--Optional specify a tracker location to enable predicate
        --push down to Hadoop
        JOB_TRACKER_LOCATION = 'H12345-C-HHN01:50300'

The next task is to setup a file format. In this case we’re defining that the file is pipe delimited, although we can use Polybase with other formats (e.g. RCFile):

CREATE EXTERNAL FILE FORMAT HadoopRegion_DelimitedPipe_NoCompression
    Field_terminator = '|')

Accessing External Data

Before we access data in Hadoop, I want to show the file for this example. In this case I’ve got a customer dimension within PDW, but I have customer survey data within Hadoop that i wish to combine with my data in the warehouse. The survey data has been uploaded in this case to the Hadoop region within APS, via the portal:


The following shows a sample of the Hadoop file, note that its pipe delimited, with columns for Date, Survey Id, Product, Customer Id and Survey Score:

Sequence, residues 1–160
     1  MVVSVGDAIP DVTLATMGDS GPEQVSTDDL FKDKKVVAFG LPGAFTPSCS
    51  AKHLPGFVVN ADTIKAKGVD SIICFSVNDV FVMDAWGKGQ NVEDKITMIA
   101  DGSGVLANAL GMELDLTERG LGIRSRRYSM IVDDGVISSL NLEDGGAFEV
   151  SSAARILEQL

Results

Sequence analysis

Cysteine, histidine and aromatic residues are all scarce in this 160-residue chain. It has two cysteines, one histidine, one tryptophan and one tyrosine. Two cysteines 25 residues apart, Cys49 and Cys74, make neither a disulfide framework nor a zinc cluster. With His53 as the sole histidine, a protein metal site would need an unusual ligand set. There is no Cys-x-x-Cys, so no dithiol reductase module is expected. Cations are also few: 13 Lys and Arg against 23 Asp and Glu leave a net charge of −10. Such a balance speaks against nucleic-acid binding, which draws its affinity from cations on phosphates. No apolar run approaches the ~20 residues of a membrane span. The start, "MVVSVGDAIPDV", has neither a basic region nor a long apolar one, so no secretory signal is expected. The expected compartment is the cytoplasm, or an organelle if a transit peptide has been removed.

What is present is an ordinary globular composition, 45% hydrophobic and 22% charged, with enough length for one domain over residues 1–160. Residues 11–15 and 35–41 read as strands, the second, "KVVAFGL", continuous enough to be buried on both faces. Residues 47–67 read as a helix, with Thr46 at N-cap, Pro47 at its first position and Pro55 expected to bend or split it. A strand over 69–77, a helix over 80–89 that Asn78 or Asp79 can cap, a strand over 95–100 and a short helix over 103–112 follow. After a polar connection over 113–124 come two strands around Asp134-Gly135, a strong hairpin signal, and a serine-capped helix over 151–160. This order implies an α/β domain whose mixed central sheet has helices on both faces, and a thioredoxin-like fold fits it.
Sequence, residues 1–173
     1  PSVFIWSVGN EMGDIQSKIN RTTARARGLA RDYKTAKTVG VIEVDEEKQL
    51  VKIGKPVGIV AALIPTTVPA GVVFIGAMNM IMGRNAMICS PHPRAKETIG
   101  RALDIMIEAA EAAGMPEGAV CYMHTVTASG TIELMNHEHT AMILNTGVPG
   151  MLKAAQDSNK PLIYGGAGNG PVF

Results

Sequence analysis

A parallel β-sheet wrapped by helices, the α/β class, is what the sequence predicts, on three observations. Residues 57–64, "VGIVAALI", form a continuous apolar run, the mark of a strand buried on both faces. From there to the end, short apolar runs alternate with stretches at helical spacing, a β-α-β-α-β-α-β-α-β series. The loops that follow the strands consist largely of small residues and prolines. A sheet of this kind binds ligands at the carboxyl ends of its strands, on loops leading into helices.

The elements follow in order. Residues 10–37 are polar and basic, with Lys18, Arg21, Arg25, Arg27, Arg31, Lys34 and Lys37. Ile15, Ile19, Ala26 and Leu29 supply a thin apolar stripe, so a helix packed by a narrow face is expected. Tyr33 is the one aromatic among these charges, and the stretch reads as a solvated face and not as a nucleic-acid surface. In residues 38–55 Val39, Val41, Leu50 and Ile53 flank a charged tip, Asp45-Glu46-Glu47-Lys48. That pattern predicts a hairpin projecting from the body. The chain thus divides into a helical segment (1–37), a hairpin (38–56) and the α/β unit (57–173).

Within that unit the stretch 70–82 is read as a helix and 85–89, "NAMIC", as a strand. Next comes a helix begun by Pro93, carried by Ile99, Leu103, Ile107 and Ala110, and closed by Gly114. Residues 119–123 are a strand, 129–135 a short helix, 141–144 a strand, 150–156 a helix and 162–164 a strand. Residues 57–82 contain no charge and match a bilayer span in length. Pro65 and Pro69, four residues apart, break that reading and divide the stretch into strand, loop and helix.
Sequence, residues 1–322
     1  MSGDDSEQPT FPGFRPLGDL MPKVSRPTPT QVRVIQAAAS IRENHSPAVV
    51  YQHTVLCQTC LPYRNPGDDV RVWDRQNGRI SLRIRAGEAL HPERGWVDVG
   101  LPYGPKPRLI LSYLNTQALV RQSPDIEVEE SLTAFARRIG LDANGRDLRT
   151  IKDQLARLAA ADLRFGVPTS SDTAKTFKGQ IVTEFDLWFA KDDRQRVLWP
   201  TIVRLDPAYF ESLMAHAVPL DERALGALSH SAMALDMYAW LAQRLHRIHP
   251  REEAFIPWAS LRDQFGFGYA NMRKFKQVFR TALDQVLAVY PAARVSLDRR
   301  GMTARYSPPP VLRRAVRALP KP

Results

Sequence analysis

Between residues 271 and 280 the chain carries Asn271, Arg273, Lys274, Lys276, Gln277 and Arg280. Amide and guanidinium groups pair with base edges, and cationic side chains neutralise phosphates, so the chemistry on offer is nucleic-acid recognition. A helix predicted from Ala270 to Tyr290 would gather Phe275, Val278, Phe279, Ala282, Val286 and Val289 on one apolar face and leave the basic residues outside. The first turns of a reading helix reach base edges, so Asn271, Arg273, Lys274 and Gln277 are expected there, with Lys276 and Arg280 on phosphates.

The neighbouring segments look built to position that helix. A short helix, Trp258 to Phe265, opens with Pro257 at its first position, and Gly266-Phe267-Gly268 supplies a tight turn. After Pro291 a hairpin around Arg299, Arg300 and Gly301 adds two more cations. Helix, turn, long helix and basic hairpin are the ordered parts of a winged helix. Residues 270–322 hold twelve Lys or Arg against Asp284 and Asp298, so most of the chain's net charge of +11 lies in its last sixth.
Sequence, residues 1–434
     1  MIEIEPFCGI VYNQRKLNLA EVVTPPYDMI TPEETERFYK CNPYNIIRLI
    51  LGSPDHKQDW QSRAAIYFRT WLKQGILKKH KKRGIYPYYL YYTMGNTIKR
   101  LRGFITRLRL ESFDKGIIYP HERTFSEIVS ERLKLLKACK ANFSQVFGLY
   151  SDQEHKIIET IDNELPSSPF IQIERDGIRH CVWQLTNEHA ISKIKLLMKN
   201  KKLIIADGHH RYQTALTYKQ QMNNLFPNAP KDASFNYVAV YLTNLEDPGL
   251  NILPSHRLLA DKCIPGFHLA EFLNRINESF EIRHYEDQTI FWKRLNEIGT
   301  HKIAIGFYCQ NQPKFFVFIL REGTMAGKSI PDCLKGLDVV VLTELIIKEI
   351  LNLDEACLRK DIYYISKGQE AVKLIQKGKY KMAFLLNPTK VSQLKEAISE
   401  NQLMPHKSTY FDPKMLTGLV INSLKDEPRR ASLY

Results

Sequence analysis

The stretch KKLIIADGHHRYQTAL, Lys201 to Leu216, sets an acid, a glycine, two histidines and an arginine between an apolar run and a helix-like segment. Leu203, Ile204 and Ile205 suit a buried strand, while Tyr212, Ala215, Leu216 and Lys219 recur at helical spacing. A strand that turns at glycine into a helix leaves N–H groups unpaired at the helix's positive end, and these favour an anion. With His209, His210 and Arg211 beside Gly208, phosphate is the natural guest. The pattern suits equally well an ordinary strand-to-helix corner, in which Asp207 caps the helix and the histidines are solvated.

Now I want to access the Hadoop data and combine it with other data in the warehouse. To do this we need to use the CREATE EXTERNAL TABLE command.


    DateId int NOT NULL,
    SurveyResponseId int NOT NULL,
    ProductCategoryName varchar(100) NULL,
    CustomerId    varchar(50) NULL,
    SurveyResult INT NULL
    WITH ( 
        LOCATION = '/user/data/survey/',
        DATA_SOURCE = HadoopRegion_DataSource,
        FILE_FORMAT = HadoopRegion_DelimitedPipe_NoCompression

This results in an external table being available within the PDW region, as shown below:


Now if we want to query the Hadoop data it’s just a simple case of T-SQL. Here I’m joining Hadoop survey data to the customer dimension:

SELECT      CS.CustomerId,
            CS.DateId AS SurveyDate,
            CS.ProductCategoryName AS SurveyProduct,
FROM        dbo.HDFS_CustomerSurvey CS
INNER JOIN  dbo.DimCustomer C ON C.CustomerAlternateKey = CS.CustomerId

Which gives the following results:


So that’s it, just a simple T-SQL query in the end. Polybase has taken away the complexity and allowed us to integrate different data sources using a widely used standard query language.